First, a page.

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Apr 21, 2017
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@Tony Wang Since I am remotely working for the clients, I always share all the login information including domain registrar and hosting details via Google sheet, taking website backup with clients Dropbox account.
 

georgebizpro

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Dec 4, 2013
Messages
16
When I started building and hosting websites a few years ago, I used Bluehost. I never had any problem getting a customer service rep on the phone with Bluehost, they would always revert the website back to the most recent weekly/monthly backup if anything came up, and they're great with Wordpress issues. I would setup an individual account for each client, with a dedicated IP address for each.

Since then, I've switched to Siteground. Better performance from what I've noticed, less downtime, customer service is still fairly quality. I'm currently paying I think $80/month for 3 clients for cloud, dedicated IP address is another $35/year I think. Same CPanel layout, etc. not many complaints when compared to Bluehost. Hope this helps!
 

Tim Colling

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Sep 3, 2014
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I manage sites for 25 or so clients. I host all of them at WPEngine. Not cheap, but very, very, very reliable and helpful.

I hate to have to manage my vendors, making sure that they are doing what they are supposed to be doing, making sure that they aren't down, etc.

For me, with vendors like hosting providers, I want them to be like dialtone (back in the landline days). What do I mean by that? Well, you never had to manage dialtone. You never had to wonder if it was working. You never had to call the phone company to check on them. It. Just. Worked.

WPEngine has a lot of other virtues too, besides reliability.
 

paulcarl

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Mar 15, 2016
Messages
10
Yep VPS (Vultr) + ServerPilot here - I host a handful of client sites. I've automated sending them a backup zip of their WP regularly. If I go the site goes offline (eventually), but they've got a backup and can simply forward the latest to a new web-host and get it restored & the site back online.

With domain names I tend to get clients to pay direct and own it themselves - although I do automated renewal date and DNS change monitoring.
I use ServerPilot too but with Digital Ocean. I give all of my clients FTP access to their hosting just in case.

I backup the server itself to a secondary location. The WordPress websites on the server have automated backups created both locally (that the client can retrieve via WordPress login or FTP) and on a 3rd party platform (like Google Drive, Dropbox, etc.). UpdraftPlus is a nice plugin for this.

I backup flatfile sites every time I make an edit to them. Because I'm extra paranoid, I backup all of my client data from the cloud (including website backups) on an encrypted SSD that I keep with me. That SSD gets cloned weekly (or more frequently if there are major changes being backed up) and stored in a fireproof box in an underground bunker. Okay, okay, there's no bunker.... yet.

This setup pretty much guarantees that I can never permanently lose data and that, no matter what happens to me or my infrastructure, my clients can access their backups independently on their 3rd party backup location at a minimum.
 

Tim Colling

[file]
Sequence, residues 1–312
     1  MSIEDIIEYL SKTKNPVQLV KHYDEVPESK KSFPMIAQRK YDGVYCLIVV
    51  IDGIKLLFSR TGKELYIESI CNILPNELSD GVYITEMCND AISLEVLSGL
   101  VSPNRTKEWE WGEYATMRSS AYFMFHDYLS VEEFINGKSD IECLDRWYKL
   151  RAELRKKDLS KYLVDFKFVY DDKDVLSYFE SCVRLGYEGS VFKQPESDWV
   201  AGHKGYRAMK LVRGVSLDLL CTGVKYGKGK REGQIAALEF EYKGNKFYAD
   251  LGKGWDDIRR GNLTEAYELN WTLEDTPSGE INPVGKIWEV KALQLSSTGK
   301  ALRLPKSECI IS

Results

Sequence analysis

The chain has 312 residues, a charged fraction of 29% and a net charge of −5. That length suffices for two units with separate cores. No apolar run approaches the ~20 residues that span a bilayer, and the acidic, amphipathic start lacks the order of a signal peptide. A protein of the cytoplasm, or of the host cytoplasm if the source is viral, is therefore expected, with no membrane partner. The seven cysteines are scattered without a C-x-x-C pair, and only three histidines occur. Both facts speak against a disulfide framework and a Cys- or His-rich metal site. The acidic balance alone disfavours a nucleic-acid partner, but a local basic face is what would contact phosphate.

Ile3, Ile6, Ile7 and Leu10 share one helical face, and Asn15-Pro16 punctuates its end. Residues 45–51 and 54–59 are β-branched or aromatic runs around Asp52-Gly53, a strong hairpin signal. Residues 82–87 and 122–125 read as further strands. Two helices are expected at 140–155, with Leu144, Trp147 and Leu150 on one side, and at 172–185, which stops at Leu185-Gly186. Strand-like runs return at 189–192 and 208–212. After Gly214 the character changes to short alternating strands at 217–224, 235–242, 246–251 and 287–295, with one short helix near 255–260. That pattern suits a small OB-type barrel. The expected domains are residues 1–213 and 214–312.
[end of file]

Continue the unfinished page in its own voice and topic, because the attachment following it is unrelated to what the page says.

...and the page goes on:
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Sep 3, 2014
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Because I'm extra paranoid,
I like the way you think. We host most of our client sites on WPEngine, which has its own rock solid automatic and ad hoc local backup tools, and we use WP BlogVault for redundant, offsite backups.

Belt and suspenders...
 

JoshuaMackens

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Sep 12, 2012
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If you're mainly a Local SEO company I would recommend getting out of the hosting business and find a website company you can trust. Troubleshooting hosting and email issues really take time away from Local SEO tasks that you're likely getting paid way more for.

We started out hosting and building websites and I got out of it ASAP. Glad to be on the other side of it now and just refer out.
 

kieran.reid

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Joined
Jan 30, 2019
Messages
9
If you're mainly a Local SEO company I would recommend getting out of the hosting business and find a website company you can trust. Troubleshooting hosting and email issues really take time away from Local SEO tasks that you're likely getting paid way more for.

We started out hosting and building websites and I got out of it ASAP. Glad to be on the other side of it now and just refer out.
Eh.. there is some truth to this, but I've dabbled working full time in web-hosting tech support and previously web-dev. Not too difficult personally. If you have a reliable setup, then it's really just the occasional server reboot, otherwise it's just collecting an extra $50-100 p/m per website - which clients will happily pay knowing that it's all taken care of and they don't have to get stressed calling GoDaddy or whoever at 1 in the morning.
 

keyserholiday

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Jul 27, 2017
Messages
56
When I had clients, we made sure that they had their own accounts under their email address and used their credit card. When I used to host websites back in the day, billing was always complicated and some clients weren’t the best at paying. We’d get those that wanted monthly, quarterly or yearly. I spent too much time chasing them for payment. When we decided to shut down our server or they wanted to cancel, it was a hassle getting them to move their sites and files. There are to happy days in a boat owners life, the day they buy a boat and the day they sell it. I will never going to offering or pay for hosting on my dime ever again.